This case involved a 45-year-old woman who had undergone a transvaginal tape suspension (TVT) and rectocele repair in February 2004. Postoperatively she complained of left groin pain and tests revealed a small cortical cyst in the left femoral head so she was sent for an orthopedic evaluation. Her EMG was normal and physical therapy had good results. She returned three months later, however, with marked left groin tenderness and a palpable mass in the region. She underwent two left hip intra-articular blocks and reported relief of pain. A neurologist evaluated her and found no neurologic cause. Seven months after the original procedure, however, she was in severe pain again. She underwent hip arthroscopy in October, with steroid injection, and she reported that she was pain-free at the follow-up appointment.
She was complaining of left hip pain by December again, however, so a second arthroscopic procedure was performed in March. At that time, the plaintiff’s anterior labrum was found to be hyperplastic and edematous, so a cartilaginous flap on the femoral head, as well as the anterior labrum, were reduced. Although she reported no pain at her follow-up appointment, the plaintiff presented again in April complaining of groin pain and increased hip irritability on passive range of motion.
The plaintiff underwent a total hip replacement in July and had excellent response and elimination of hip pain. The groin pain, however, returned in early 2006. She described it as extending from the femoral pulse region to the knee and posterior. Half of her sling was removed in May and her pain was totally relieved until August, when it returned again. Further testing revealed degenerative disc disease, so the plaintiff underwent an L4 nerve block, which relieved her pain for about three days. In March 2007, her TVT was again revised and no undo inflammation or obtrusion was noted intraoperatively. A segment of mesh was resected in November, but her left groin pain continued and she received a series of pudendal nerve injections through September 2008. The plaintiff ultimately underwent a pudendal nerve entrapment release in September 2008. She continues to be treated for chronic regional pain syndrome.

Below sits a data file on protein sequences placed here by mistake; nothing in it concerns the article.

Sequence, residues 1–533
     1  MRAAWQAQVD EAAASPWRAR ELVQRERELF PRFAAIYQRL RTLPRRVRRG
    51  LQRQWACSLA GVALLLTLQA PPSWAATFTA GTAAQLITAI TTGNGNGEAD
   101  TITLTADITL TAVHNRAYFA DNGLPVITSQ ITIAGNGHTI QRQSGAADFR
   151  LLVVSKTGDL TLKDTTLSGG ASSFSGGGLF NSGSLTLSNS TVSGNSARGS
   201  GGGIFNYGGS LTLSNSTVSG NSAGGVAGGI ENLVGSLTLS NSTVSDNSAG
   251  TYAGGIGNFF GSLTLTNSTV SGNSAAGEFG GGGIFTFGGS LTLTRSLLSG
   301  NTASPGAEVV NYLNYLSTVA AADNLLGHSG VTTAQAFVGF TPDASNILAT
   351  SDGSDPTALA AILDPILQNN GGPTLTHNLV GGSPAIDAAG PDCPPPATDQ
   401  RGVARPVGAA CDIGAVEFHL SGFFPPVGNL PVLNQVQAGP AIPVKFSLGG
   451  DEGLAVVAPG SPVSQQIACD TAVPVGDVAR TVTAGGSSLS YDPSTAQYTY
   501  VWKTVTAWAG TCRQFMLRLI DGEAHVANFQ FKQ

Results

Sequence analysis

The plaintiff alleged that the hip replacement was unnecessary since she had nerve injury following her TVT procedure. The defense contends that the plaintiff had a hip pathology and that the presentation and the resolution of her hip after replacement show that the surgery was necessary and effective. While groin symptoms are common in hip disease, in this case the pain was apparently related to something else, but still lead to surgical resolution of her hip symptoms.
The first visual exhibit in this case was designed to educate the jury on the anatomy of the hip in order to explain the anatomical relationships in that region and to show how pathology in one area could cause pain in another.
A key part of the visual defense strategy was to explain the plaintiff’s pre-operative hip pathology, and the next exhibit did this by comparing the plaintiff’s anatomy to normal. An accompanying exhibit showed the anatomy that was encountered during her hip arthroscopy as well as what was done during that procedure.
The final set of exhibits used reconstructed film views from the plaintiff’s actual CT studies in order to give the jury a more clear view of her exact preoperative anatomy. This allowed the defense to show the extent of the pathologic condition of her hip at the time of the hip replacement and to explain to the jury why the hip replacement was in fact necessary.
The visual defense strategy in this case was designed to give the jury a more clear understanding of the plaintiff’s hip pathology in order to explain that the damages alleged in this case—an unnecessary hip replacement—were not valid. By reconstructing the plaintiff’s films and using them in conjunction with artistic interpretations of the pathology that they showed, the defense was able to successfully explain that, not only did the plaintiff have a definite hip pathology, but also that the pathology necessitated surgical repair.
—Editorial contributed by Emily Ullo Steigler, MS, CMI
—Illustrations contributed by Robert Edwards, MS, CMI